As the exclusive Gramercy Square filled with brick and brownstone mansions in the 1840s the newly-fashionable neighborhood spilled into the blocks around it. Among the high-end residences off the park was No. 80 Irving Place; constructed between 1853 and 1854.
Dignified and reserved, the red brick Italianate residence was an ample 25 feet wide and stretched 80 feet down East 19th Street. Foregoing the high brownstone stoops common to many of its contemporaries, the house was accessed by a stone porch just two steps above the pavement. Heavy Italianate cast iron newels and railings flanked the porch and a handsome iron fence guarded the areaway that wrapped the house.
At the second floor, two sets of French windows opened onto exquisite lacy cast iron balconies. Around the corner, at the same level, the flat façade was relieved by a deep floor-to-ceiling oriel window.
The mansion became home to the family of Dr. James Rushmore Wood in 1865; who moved here from No. 2 Irving Place. The Sun described the doctor as “considerably below medium height. His head, which was covered with snow-white hair, was large in proportion to the rest of his body. He had bluish-gray eyes and was always clean shaven. A genial smile was constantly playing about his face. He was scrupulously neat in dress.”
Wood was born in Mamaroneck, New York on September 14, 1813 to Quaker parents. The family was by no means wealthy and Wood was unable to attend college. He took one course of lectures at the College of Physicians and Surgeons, but as The Sun later reported, “had no more money and was obliged to leave the college.”
He earned his medical knowledge in the offices of Dr. Valentine Mott and Dr. David Rogers. Around 1835 he opened his own practice. In 1853 he married Emma Rowe and by the time they moved into No. 80 Irving Place, the family had grown to include a son and two daughters. One child died in infancy.
|Dr/ James R. Wood -- from the collection of the New York Public Library|
Wood, who was connected with Bellevue Hospital, had what The Sun called “almost a monopoly of the surgical work on the east side.” He was instrumental in wresting hospitals from the control of politicians (the newspaper called them “filthy almshouses”) and reforming them into modern facilities. He also led the battle to enact the law—the Dissecting Bill--that permitted bodies of the homeless and unclaimed to be taken by medical schools, thus ending the macabre practice of cadaver theft.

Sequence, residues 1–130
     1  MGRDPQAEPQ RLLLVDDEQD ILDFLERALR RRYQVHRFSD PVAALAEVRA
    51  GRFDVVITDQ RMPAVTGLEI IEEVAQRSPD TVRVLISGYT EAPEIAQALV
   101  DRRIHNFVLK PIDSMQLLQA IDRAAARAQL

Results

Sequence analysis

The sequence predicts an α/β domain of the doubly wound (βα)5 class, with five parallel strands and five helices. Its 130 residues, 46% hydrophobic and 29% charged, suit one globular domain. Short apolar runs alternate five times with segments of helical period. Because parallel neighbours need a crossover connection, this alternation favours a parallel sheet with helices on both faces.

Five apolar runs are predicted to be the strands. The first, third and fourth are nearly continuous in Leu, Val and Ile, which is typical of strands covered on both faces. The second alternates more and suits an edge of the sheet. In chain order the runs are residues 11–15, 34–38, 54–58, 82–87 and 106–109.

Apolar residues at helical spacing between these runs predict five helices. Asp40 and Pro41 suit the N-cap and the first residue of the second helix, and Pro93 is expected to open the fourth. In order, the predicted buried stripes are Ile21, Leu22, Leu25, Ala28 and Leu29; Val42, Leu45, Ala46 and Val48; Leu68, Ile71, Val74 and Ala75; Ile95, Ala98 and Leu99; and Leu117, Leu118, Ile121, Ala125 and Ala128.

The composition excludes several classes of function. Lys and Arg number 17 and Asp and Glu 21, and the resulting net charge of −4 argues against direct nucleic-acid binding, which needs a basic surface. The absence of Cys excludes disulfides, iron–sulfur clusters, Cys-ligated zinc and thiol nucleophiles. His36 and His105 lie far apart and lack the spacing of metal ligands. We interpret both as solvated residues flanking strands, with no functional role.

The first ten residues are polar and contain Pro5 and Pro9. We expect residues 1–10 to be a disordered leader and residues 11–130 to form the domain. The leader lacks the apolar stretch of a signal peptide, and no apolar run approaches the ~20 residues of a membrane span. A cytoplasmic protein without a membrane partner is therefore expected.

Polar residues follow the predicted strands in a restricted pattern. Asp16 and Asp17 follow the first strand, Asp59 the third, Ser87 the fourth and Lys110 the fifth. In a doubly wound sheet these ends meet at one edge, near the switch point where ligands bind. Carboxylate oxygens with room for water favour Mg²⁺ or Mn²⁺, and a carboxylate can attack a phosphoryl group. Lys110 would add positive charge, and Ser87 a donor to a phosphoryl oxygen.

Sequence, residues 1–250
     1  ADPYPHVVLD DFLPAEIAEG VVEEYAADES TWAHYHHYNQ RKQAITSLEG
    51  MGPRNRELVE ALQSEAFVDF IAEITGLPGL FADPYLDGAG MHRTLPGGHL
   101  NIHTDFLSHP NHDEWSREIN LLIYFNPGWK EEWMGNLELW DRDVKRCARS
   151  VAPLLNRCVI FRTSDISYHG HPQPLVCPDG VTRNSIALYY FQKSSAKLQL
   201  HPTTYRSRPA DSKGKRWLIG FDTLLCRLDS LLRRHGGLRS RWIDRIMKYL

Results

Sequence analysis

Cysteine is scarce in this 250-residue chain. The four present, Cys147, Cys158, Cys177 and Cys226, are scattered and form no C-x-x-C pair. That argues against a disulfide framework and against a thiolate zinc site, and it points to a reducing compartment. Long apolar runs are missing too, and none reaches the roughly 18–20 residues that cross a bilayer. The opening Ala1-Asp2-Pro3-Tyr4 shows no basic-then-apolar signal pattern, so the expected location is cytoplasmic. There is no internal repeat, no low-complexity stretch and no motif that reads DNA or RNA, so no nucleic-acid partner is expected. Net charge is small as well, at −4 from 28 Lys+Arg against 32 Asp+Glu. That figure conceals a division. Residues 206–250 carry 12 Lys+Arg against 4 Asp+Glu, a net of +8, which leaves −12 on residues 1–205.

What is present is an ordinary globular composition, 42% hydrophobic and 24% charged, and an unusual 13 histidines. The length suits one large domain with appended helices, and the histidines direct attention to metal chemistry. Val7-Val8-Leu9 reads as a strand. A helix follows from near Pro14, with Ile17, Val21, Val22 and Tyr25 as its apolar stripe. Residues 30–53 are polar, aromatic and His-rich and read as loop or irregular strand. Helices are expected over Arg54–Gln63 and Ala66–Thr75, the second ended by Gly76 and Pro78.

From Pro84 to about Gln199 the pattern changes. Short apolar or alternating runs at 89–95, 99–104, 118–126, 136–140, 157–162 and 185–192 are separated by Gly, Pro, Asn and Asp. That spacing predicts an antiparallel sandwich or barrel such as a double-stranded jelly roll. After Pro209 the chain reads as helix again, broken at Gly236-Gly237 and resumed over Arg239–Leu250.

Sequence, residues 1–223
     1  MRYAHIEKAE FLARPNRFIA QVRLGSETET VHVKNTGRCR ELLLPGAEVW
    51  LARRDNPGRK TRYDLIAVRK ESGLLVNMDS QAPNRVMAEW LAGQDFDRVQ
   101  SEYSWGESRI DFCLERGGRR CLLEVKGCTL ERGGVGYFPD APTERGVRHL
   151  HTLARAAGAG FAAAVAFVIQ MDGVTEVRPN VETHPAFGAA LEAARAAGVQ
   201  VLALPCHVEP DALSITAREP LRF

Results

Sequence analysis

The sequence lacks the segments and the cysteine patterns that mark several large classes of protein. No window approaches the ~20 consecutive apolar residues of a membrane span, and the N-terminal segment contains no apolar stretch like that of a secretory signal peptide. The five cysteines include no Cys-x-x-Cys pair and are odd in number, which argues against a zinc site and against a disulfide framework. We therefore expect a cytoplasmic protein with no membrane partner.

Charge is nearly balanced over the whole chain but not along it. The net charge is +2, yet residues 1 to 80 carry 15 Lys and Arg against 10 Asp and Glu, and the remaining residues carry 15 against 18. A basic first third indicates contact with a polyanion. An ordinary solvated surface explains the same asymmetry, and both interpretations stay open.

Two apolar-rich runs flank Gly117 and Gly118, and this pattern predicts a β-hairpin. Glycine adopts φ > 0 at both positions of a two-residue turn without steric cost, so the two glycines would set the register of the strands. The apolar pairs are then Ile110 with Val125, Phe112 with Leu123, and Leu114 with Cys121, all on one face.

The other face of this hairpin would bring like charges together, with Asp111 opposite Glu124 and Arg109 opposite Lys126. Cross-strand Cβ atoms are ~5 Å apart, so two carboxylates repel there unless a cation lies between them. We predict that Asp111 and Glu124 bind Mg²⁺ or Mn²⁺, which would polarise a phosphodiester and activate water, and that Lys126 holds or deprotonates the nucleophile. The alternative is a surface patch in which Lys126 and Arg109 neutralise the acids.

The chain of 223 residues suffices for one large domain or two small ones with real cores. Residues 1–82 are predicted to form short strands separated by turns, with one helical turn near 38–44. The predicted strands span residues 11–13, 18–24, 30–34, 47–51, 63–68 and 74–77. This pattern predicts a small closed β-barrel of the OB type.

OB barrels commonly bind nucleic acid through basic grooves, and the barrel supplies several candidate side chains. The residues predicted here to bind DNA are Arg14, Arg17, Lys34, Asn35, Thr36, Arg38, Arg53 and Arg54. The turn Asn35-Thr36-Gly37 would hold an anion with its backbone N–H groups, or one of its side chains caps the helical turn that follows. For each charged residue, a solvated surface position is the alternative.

|A handsome Italianate fence wrapped the property and an oriel on the side added interest.|
As was the case with wealthy New York families, the Woods had a summer estate; theirs was at Laurelton near Oyster Bay, Long Island. But unlike the bankers and lawyers who stayed at their clubs during the week and traveled to Newport and the other elite resorts on the weekends; Dr. Wood commuted every day by steamboat.
“The Doctor had a room permanently engaged on the boat, and every afternoon he went to his country place, returning in the morning. By having a private room he was enabled to utilize the time in reading and preparing lectures,” explained The Sun on May 5, 1882.
As a child Wood had reassembled the skeletons of dead rodents and birds. It was a practice that followed him into adulthood. When he became associated with Bellevue, he collected anatomical and pathological specimens. As the years passed he held what was considered the finest private collection in the nation. Eventually he donated it to the Bellevue Hospital Medical College and the building erected to house it was named the Wood Museum.